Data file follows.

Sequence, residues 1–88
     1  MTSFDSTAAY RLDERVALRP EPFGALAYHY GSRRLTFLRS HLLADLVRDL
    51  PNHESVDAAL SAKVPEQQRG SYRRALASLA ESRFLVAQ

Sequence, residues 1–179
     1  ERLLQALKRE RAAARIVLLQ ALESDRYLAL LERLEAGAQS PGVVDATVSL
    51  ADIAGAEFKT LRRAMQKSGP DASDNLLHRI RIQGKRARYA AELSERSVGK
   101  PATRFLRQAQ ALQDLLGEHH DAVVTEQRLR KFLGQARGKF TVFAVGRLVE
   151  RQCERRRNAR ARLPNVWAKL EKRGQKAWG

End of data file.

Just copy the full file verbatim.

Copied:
Sequence, residues 1–88
     1  MTSFDSTAAY RLDERVALRP EPFGALAYHY GSRRLTFLRS HLLADLVRDL
    51  PNHESVDAAL SAKVPEQQRG SYRRALASLA ESRFLVAQ

Sequence, residues 1–179
     1  ERLLQALKRE RAAARIVLLQ ALESDRYLAL LERLEAGAQS PGVVDATVSL
    51  ADIAGAEFKT LRRAMQKSGP DASDNLLHRI RIQGKRARYA AELSERSVGK
   101  PATRFLRQAQ ALQDLLGEHH DAVVTEQRLR KFLGQARGKF TVFAVGRLVE
   151  RQCERRRNAR ARLPNVWAKL EKRGQKAWG